Compared to hot-air drying, the improved quality is achieved by the combination of microwave energy and vac- uum. The electromagnetic microwave radiation penetrates the interior of the food, where it is converted to thermal energy and causes rapid warming. However, the vacuum reduces the boiling point of water, keeping the product temperature low, as well as creating a pressure gradient that enhances the drying rate. The microwave vacuum drying is less time-consuming, compared to air-and freeze-drying, which takes up to several days. [12] The microwave radiation is being applied cyclically, with moderately strong vacuum, which results in better product quality and energy efficiency. The unique, crispy, open cellular structure of the dried product, related to MVD is created by an expansive force by the in situ vaporization of water. This product is suitable for direct consumption as a smack, or can be consumed after storage and rehydration. The texture is created by the overheated moisture, which caused by microwave heat- ing, and reduced boiling temperature by the vacuum. Steam is generated inside the material, which creates inner pressure, thus the puffing of the product. During drying, this process is somewhat controllable, because the strength of the structure- keeping force depends on the evaporation rate (thus indirectly on the energy input) and the pressure of the vacuum chamber.

This puffing phenomenon occurs more intensively when the MVD process is preceded by hot-air drying.

Other advantage of the MVD over traditional drying meth- ods is the greater retention of bioactive components of foods, for example antioxidants or vitamins, which are easily inacti- vated by oxidation or thermal degradation.

Attention should be paid to the smooth heat treatment and the apropriate drainage of the generated vapor. Their absence could result in unfavorable burning. The phenomenon starts with browning, presumably the Maillard-reaction, but finally results burnt, inedible products. The burning always starts from the inner material, reaching the surface only in a few cases, makes it hard to sense. The burning of the product can be avoided by moving the sample during drying, reducing its size, or reducing the intensity of the microwave energy.

1.3 Combined microwave vacuum drying with hot-air pre-drying

During drying, fruits and vegetables have a critical point of dry mass content. If the moisture content is removed by conventional drying until this point, where only the free water leaves the sam- ple, then the quality parameters of the product does not change.

So, the combination of hot-air-, and microwave vacuum drying is more energy- and cost-efficient, and creates better quality product than using the technologies alone. [3,7]

2 Materials and methods 2.1 Material

As raw material, Jonathan apple was used, because of its pleasant aroma and prosperous puffing tendency. The apples have been grown at Zsámbék (Hungary), and were purchased at the local market (Budapest, Hungary). The ovary of the apple was removed and then cut into 8mm thick slices.

2.2 Drying Methods 2.2.1 Hot-air drying

The prepared apple slices was hot-air dried in laboratory- scale drying equipment until full removal of moisture content.

The L-MIM 320 type dryer has a volume of 400 dm3. The applied velocity and temperature was 9 m/s and 60°C. The dry- ing process took about 14-20 hours, depending on the humidity level of ambient air and the initial moisture content of apple.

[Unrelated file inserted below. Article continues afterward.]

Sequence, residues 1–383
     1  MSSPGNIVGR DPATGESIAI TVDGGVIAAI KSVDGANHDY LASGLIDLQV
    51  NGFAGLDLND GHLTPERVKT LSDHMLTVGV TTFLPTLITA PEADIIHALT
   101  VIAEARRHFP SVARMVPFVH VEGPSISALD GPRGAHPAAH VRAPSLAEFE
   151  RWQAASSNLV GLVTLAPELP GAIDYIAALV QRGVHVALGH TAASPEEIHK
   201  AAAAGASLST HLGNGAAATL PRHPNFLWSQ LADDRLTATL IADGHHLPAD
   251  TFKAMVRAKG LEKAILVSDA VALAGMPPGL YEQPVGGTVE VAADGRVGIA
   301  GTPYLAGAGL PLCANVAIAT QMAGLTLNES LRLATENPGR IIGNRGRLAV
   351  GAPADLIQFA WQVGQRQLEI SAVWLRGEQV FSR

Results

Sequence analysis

2.2.2 Combined microwave vacuum drying with hot-air drying

After the preparation, the sample was hot-air dried in the above-mentioned laboratory-scale drying equipment, and then microwave vacuum-dried for 30% and 2% moisture content (w.b.) respectively.

The microwave vacuum drying equipment has a cylindrical stainless steel vacuum chamber, with a conical dome for bet- ter vapor removal. The samples are hold in a rotary teflon tray.

Microwaves are generated by two, 850W nominal efficiency magnetrons. The vacuum is kept constant at 50 mbar by a


Fig. 1. Biologically active compounds of dried samples

vacuum pump, connected to the heat exchanger for vapor con- densation. The cooling water for the heat exchanger is cooled by a compressor and kept circulating by a pump. For each treat- ment, 200 grams of pre-dried apple was dried. Intensive radia- tion was used in the beginning of the treatment, and then the intensity was continuously reduced. The radiation (active) and relaxation (passive) time was equal.

2.2.3 Freeze-drying

Freeze drying was done with a Leybold-Heraeus Lyovac GT2 type freeze drying equipment. The prepared raw apple is refrigerated to -20°C and then 100g was put to 4 heated sam- ple-holding trays. The heating power is 50W per tray. The vac- uum value was set to 60 Pa. The drying process took for about 36 hours, until the vacuum wasn’t affected by the sublimated vapor. The moisture content of the samples was 2% (w.b.).

2.3 Measurement methods 2.3.1 Total phenolic compounds

The measurement of total phenolic compound was made with Folin-Ciocalteu reagent by Singleton et al. [11].

2.3.2 Radical scavenging activity

The measurement of radical scavenging activity was made with DDPH free radical by Yamaguchi et al. [15].

2.3.3 Aromatic compounds

The measurement of aromatic compounds in the samples was done with GC method. The applied device and detector was HP 5890, HP 5971 mass selective detector, RH-5 ms+ Col- onna with 30 m length, 0,25 mm inner diameter and 0,25 µm film thickness. Carrier gas was helium. The applied tempera- ture profile was 50 °C 4 minutes, 4 °C/minute 120 °C, splitless injection, 1 minute, detector 260 °C.

The identification of the compounds was made with Wiley 275 library. The literary Kovats-index was indicated. [8]

2.3.4 Hardness measurement

The rheological test of the dried samples was done with a Lloyd Material Testing Instruments LR5KPlus type tenderom- eter, applied with TG84 type adapter. For the recording of data, Nexygen 4.0 software was used. The samples was held in a square-shaped container, perforated at the bottom and was pushed by a surface of 0,01 m2 adapter. With constant pushing velocity, the device measures the mechanical resistance of the sample by the function of compression distance. The compres- sion limit was 50 mm.